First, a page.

I love this hymn, written by a Quaker teacher in 1906, sung to a traditional English tune called “Kingsfold.”
I feel the winds of God today; today my sail I lift,
Though heavy, oft with drenching spray, and torn with many a rift;
If hope but light the water’s crest, and Christ my bark will use,
I’ll seek the seas at His behest, and brave another cruise.
It is the wind of God that dries my vain regretful tears,
Until with braver thoughts shall rise the purer, brighter years;
If cast on shores of selfish ease or pleasure I should be;
Lord, let me feel Thy freshening breeze, and I’ll put back to sea.
If ever I forget Thy love and how that love was shown,
Lift high the blood red flag above; it bears Thy Name alone.
Great Pilot of my onward way, Thou wilt not let me drift;
I feel the winds of God today, today my sail I lift.
The choir in my church was to sing an arrangement of this song today, and I could have joined them if I wasn’t with my sweet wife having another little girl. We had prayed for an easy delivery of our fourth daughter, and we received it. Thank the Lord. The next day after we returned home, my wife felt a hardening in her leg with some pain when she drew back her toes–a potential blood clot in the leg most afflicted with varicose veins during pregnancy. We called her midwife and obeyed the summons to the emergency room downtown. A five-hour wait to be admitted to a labor room upstairs for another uncomfortable night on a hospital bed for my good, good wife who only wanted to recoup her strength from carrying and delivering the baby.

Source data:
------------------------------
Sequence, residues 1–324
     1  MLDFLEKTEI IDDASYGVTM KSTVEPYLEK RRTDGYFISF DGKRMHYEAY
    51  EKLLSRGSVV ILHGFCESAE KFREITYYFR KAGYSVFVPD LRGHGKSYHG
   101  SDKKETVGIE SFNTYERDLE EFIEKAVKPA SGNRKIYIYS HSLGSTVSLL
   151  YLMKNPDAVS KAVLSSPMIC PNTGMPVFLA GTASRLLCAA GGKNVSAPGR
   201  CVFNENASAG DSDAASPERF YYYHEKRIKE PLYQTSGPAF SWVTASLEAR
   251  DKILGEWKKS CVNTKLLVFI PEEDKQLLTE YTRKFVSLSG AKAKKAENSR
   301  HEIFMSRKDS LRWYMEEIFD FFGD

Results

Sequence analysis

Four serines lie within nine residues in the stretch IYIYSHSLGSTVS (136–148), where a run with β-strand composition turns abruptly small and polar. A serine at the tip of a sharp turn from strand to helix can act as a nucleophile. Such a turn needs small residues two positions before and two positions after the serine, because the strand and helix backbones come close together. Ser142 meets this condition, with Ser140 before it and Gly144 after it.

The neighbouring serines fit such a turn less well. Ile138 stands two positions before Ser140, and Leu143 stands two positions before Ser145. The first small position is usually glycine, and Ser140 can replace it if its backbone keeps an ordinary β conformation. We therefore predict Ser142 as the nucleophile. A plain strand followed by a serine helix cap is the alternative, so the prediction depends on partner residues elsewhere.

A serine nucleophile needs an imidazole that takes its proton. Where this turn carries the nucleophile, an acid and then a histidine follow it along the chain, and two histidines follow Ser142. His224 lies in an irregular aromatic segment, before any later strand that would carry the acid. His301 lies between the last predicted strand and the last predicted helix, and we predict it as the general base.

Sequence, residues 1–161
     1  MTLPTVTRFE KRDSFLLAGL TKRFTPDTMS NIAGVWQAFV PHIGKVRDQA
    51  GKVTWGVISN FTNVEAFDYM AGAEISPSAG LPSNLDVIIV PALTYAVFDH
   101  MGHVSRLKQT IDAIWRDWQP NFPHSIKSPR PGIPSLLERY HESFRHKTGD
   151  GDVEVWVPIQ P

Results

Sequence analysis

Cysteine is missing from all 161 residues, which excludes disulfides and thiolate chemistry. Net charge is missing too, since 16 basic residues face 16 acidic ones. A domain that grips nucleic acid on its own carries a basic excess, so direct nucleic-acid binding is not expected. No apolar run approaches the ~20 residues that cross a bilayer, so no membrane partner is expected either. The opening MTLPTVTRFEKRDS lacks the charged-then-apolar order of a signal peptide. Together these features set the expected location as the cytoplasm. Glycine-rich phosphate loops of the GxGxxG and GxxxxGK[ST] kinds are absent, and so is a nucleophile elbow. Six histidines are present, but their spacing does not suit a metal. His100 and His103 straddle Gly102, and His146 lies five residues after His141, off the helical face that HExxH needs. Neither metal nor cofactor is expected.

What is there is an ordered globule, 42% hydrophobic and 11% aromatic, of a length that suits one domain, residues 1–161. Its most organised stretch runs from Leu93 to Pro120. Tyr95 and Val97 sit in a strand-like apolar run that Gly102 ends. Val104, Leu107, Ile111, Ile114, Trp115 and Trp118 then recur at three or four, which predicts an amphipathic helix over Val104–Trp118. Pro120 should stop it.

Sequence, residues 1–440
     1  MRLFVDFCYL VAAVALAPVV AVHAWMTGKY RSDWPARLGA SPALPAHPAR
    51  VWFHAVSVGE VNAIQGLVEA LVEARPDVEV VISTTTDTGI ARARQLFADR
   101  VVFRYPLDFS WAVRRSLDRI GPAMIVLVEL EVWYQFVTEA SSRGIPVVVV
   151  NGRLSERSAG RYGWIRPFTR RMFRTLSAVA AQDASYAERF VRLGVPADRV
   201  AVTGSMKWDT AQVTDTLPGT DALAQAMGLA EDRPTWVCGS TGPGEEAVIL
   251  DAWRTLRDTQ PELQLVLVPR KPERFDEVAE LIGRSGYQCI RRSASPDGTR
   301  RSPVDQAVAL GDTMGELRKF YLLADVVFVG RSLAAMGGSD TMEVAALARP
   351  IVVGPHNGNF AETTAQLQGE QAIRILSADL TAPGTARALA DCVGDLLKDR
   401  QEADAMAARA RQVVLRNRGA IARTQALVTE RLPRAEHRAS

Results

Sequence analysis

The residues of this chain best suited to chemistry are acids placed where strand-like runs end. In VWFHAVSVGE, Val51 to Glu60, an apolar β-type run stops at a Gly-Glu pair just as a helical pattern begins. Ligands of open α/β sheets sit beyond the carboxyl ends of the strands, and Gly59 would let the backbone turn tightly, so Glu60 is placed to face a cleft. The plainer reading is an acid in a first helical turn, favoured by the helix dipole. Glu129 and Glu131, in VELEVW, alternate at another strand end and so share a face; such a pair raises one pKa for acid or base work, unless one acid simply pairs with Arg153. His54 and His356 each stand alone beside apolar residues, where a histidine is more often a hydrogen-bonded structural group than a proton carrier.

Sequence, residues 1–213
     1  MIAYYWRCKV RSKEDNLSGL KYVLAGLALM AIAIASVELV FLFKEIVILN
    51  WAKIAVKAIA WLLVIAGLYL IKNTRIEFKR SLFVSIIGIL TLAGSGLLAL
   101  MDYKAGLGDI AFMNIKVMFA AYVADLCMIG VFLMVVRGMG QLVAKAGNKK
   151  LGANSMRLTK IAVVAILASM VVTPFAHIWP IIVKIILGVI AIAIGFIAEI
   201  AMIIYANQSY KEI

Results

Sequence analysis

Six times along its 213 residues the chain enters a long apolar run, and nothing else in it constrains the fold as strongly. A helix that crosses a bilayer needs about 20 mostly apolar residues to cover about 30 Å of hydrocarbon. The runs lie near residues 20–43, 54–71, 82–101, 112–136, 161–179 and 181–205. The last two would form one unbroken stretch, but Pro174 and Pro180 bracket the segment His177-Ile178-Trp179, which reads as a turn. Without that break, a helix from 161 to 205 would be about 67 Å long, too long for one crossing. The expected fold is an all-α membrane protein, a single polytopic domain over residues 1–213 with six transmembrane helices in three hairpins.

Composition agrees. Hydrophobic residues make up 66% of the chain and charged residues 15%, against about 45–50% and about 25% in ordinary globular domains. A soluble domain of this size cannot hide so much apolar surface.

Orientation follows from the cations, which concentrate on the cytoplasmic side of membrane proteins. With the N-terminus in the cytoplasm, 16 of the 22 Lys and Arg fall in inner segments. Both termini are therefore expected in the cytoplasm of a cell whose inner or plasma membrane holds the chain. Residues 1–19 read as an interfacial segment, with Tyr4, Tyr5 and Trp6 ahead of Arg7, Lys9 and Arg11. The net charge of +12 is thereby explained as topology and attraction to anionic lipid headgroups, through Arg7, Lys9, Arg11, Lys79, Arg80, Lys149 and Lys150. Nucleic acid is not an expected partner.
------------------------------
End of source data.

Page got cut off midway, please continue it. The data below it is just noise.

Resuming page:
But I am able to write you tonight because we have returned home. Thank the Lord. The symptoms in her leg were not a serious blood clot, though maybe asuperficial one treatable with heat and aspirin. We can rest at home without blood thinners and monitoring. The Lord saw us through the drenching spray of a rough sea, and will continue his faithfulness as we raise our daughters I have no doubt. Now, to bed.